Gawker Verdict Reinvigorates Power of Privacy Claims

I’m old enough to remember the days when “the news” consisted of thirty minutes on one of three major television networks.  In those days there were high barriers to entry into the world of television or print media, leaving the news in the hands of major entities that, I believe, tried to apply sincere journalistic standards.  We had a relatively high level of comfort that what was delivered to us as “news” was: a) relatively important; b) relatively objective and c) relatively accurate.

With the advent of cable television and the Internet, “news” is now ubiquitous, available 24/7 through an unlimited number of sources.  Anyone with a laptop can publish “news” on a website.  This has had a certain liberating and democratizing effect, but for me has also degraded the values of importance, objectivity and accuracy.

With the explosion in new media outlets comes in an insatiable need for content to publish.  Thus we now have more “gawking” as news, feeding our tawdry need to know when slinky celebrities go out on the town without panties or which celebrity is having extra-marital sex.

The recent $140 million verdict by a jury in favor of Hulk Hogan and against gossip site Gawker for publishing a surreptitious video of Hogan having extra-marital sex gives new vitality to classic “privacy” claims, always taught in law school but used with little success.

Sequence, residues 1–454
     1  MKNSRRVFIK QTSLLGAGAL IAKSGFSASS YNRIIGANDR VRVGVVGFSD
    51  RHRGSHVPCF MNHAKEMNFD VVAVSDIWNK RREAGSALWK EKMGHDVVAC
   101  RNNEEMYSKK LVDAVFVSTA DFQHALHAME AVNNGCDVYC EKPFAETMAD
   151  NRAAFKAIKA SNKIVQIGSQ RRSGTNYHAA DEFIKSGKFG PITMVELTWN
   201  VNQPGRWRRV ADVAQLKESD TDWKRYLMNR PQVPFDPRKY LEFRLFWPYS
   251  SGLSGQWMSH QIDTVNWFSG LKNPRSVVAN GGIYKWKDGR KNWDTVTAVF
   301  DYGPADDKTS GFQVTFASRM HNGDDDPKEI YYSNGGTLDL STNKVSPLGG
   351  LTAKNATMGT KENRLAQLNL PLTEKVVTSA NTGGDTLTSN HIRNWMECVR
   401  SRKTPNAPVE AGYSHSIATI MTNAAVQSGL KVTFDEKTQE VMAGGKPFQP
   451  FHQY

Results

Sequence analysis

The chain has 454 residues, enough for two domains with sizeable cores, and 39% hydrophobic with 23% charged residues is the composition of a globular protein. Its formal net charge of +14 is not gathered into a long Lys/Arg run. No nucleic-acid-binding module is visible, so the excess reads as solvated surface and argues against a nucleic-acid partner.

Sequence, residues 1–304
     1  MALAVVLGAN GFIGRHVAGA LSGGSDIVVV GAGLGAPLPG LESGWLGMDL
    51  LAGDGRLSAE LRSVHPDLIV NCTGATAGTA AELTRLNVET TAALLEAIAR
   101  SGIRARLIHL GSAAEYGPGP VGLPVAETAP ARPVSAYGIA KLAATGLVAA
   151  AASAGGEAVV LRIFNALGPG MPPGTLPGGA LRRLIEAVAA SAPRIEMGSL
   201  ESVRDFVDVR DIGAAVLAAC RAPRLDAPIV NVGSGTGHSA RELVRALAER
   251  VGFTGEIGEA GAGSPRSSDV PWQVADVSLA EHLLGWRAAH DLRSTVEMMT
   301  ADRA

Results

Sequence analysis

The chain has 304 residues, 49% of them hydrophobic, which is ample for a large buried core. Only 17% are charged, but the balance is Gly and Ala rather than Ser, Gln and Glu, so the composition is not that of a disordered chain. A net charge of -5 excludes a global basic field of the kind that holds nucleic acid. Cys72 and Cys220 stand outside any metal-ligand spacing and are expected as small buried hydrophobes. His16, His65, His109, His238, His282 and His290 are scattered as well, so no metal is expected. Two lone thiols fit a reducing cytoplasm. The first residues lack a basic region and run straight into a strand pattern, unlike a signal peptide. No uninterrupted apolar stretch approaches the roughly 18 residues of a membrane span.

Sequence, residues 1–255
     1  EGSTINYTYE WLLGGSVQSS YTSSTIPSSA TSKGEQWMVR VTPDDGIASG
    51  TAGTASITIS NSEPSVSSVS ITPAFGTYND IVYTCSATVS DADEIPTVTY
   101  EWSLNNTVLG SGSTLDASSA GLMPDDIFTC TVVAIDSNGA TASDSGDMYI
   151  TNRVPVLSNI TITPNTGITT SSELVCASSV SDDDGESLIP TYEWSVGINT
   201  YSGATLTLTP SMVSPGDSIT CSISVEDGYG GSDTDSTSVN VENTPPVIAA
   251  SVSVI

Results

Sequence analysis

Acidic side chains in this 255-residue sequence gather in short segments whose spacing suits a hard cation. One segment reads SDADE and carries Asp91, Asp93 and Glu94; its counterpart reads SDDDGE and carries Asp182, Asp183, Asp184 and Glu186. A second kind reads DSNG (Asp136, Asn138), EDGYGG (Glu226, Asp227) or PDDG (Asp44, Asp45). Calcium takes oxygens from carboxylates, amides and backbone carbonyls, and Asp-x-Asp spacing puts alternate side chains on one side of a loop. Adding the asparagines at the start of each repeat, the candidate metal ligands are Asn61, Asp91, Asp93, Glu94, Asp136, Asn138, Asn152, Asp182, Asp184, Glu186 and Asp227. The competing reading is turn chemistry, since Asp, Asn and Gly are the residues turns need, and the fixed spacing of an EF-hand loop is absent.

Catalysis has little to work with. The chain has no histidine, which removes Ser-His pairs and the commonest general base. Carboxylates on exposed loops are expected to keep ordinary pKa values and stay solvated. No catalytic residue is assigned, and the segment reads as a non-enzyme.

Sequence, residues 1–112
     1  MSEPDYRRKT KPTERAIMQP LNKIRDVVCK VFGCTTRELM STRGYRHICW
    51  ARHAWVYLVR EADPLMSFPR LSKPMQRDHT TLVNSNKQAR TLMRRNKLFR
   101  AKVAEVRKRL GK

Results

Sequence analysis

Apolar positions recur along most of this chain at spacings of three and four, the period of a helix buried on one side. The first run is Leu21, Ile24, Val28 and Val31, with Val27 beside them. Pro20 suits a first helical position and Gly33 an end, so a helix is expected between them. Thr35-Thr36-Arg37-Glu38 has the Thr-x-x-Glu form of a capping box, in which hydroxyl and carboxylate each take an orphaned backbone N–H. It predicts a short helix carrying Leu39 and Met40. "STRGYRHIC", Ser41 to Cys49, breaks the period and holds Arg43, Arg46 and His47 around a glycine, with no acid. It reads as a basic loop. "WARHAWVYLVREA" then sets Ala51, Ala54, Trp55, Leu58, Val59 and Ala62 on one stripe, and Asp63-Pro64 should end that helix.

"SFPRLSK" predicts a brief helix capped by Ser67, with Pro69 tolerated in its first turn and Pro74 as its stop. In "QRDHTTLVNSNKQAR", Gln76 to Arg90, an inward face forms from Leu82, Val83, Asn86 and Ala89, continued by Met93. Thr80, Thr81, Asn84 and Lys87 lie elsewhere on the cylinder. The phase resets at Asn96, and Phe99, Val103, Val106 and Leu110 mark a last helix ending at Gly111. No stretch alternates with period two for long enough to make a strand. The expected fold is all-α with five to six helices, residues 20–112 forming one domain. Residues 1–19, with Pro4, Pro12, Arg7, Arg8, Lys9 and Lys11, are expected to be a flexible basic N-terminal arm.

The four classic privacy claims are: 1) intrusion upon the plaintiff’s seclusion or solitude; 2) public disclosure of embarrassing private facts; 3) publicity which places the plaintiff in a false light in the public eye; and 4) appropriation of name or likeness for commercial advantage.

These claims have been rarely asserted and relatively unsuccessful.  When someone is shown in a creative work or in, dare I say, “legitimate” news reporting, First Amendment concerns for free speech and discussion of matters in the public eye tend to provide a complete defense to the privacy claim.

Hogan’s case against Gawker is groundbreaking because the First Amendment defense to the claim was so thin.  Ordinarily a media defendant could keep a privacy case away from a jury by obtaining dismissal of the action through a pretrial motion based upon the First Amendment.  In Hogan’s case, the judge refused to do that and sent the question of the newsworthiness of the Hogan sex tape to the jury.  The judge is reported to have instructed the jury that they were to determine the difference between news and what “ceases to be the giving of legitimate information to which the public is entitled and becomes a morbid and sensational prying into private lives for its own sake.”

What fascinates me about the case is that a jury was asked to decide what constitutes real news, with relatively little guidance other than the powerful suggestion that “morbid and sensational prying into private lives” does not qualify.

Any media defendant that obtains surreptitious photographs or recordings must now be leery about whether publishing that work as gossip news will be met with a multi-million dollar claim in court.  Unless that company can convince a judge to dismiss the case on a pretrial motion, the company’s fate will be left to six or twelve citizens, who will be asked to decide the boundary between legitimate news and unlawful gawking.

I suspect that on appeal the damages in the Hogan case will be reduced, or the court of appeal may weigh in on the propriety of the newsworthiness instruction and send the case back for retrial. Whatever the result, however, I predict that there will be greater interest in the assertion of privacy lawsuits against gossip-style media defendants.